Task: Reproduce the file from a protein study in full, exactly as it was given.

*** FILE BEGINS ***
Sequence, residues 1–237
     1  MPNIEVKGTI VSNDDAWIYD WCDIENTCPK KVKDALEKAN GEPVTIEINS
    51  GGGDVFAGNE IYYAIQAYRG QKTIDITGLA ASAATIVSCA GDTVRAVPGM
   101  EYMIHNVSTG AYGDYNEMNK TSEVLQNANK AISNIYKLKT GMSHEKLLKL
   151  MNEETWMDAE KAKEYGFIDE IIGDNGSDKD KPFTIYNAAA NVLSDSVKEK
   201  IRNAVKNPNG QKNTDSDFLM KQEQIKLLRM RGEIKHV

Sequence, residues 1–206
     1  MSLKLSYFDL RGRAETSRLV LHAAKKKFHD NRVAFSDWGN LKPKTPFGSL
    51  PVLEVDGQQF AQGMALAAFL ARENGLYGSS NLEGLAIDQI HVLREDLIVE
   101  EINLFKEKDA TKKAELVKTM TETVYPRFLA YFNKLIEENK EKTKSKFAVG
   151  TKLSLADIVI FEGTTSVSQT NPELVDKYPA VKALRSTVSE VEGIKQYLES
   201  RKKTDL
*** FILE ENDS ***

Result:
Sequence, residues 1–237
     1  MPNIEVKGTI VSNDDAWIYD WCDIENTCPK KVKDALEKAN GEPVTIEINS
    51  GGGDVFAGNE IYYAIQAYRG QKTIDITGLA ASAATIVSCA GDTVRAVPGM
   101  EYMIHNVSTG AYGDYNEMNK TSEVLQNANK AISNIYKLKT GMSHEKLLKL
   151  MNEETWMDAE KAKEYGFIDE IIGDNGSDKD KPFTIYNAAA NVLSDSVKEK
   201  IRNAVKNPNG QKNTDSDFLM KQEQIKLLRM RGEIKHV

Sequence, residues 1–206
     1  MSLKLSYFDL RGRAETSRLV LHAAKKKFHD NRVAFSDWGN LKPKTPFGSL
    51  PVLEVDGQQF AQGMALAAFL ARENGLYGSS NLEGLAIDQI HVLREDLIVE
   101  EINLFKEKDA TKKAELVKTM TETVYPRFLA YFNKLIEENK EKTKSKFAVG
   151  TKLSLADIVI FEGTTSVSQT NPELVDKYPA VKALRSTVSE VEGIKQYLES
   201  RKKTDL